How living in Japan helped me face my fears and fall in love with the mic.

pg36-2It was the stuff nightmares are made of.

There I was, standing in front of a room full of strangers, while my dad unabashedly sang the latest Céline Dion love song beside me. We were at a traditional Chinese wedding, where guests were meant to celebrate by singing instead of dancing. My dad, seemingly oblivious to my pain and suffering, was having the time of his life, singing at the top of his lungs, only taking a break now and then to try and convince me to join him. Cheeks on fire, I refused. Each time he’d put that dreaded mic in my face, I’d push it away, feeling more humiliated as each second passed. It didn’t help that I was painfully shy, a little chubby and wearing a puffy flowered dress to match my puffy crimped hair.

The thing is, I loved singing. Absolutely adored it. In my spare time, my parents would find me belting out show tunes on the in-home karaoke system I’d received for Christmas. But that was at home. By myself. Without hundreds of people staring at me.

It was that night, at that wedding, with that puffy dress, that my karaoke phobia was born.

Twelve years later, I would find myself teaching English in the country that invented karaoke. A little slimmer, a lot less shy and with hair that I (mostly) knew how to tame, I was looking forward to immersing myself in anything and everything Japanese. So when a fellow teacher suggested we go to karaoke, I didn’t refuse. After all, it was part of the culture, and I didn’t want to miss out. But there was no way I would be doing any actual singing…. That is, until I found out the venue was all-you-can-drink. For only ¥1,000 (around $10), I could drink as much as I wanted. All night long.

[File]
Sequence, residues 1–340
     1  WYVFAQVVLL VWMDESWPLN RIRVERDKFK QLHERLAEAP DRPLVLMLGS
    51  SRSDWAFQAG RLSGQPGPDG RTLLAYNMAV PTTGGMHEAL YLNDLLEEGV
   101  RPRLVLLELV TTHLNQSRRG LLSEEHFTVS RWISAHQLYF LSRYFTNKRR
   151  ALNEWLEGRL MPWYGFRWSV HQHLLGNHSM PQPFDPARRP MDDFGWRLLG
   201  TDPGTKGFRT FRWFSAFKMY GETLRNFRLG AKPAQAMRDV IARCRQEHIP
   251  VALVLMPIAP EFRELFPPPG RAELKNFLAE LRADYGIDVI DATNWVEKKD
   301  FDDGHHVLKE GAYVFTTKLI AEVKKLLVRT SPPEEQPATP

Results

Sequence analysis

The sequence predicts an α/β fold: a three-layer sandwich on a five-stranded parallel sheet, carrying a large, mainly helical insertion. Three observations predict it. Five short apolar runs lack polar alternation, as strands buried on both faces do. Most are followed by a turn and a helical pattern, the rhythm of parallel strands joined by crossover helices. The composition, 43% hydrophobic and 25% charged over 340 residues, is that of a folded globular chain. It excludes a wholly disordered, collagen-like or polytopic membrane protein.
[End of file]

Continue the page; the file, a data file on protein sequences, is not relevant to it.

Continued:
Ten bucks could get me endless pints of beer or a huge variety of chu-hai cocktails, which are essentially Japanese vodka mixed with any fruit juice of your choosing. I went with the latter. There was everything from grapefruit or grape, to lemon or lime, to sour plum or mango—and I probably tried one (or more!) of each. In less than an hour, I had ended my decade-long karaoke aversion. By midnight, you couldn’t get me off the mic. By 4 am, I had developed a brand new addiction—and it wasn’t to alcohol!

Of course, it helps that karaoke in Japan takes place in much more intimate spaces than here in the West. Forget singing on stage in front of a crowd. You either rent a small room with friends, or you hang out in a dark, smoky hole in the wall (that really only has enough seats for your group) and sing the night away. And that’s what I did, nearly every week, for the next four years of my life in Japan.

As for weddings? I’d be one of the first guests to grab the mic.


Kathleen spent years living in and travelling around Japan—and blogging about her adventures while she was at it. Now back in Toronto, Kathleen continues to write about her life-changing experience abroad when she can—in between discovering new and delicious Japanese restaurants in the city, working as a copywriter and raising her baby boy.

Illustration by Chieko Watanabe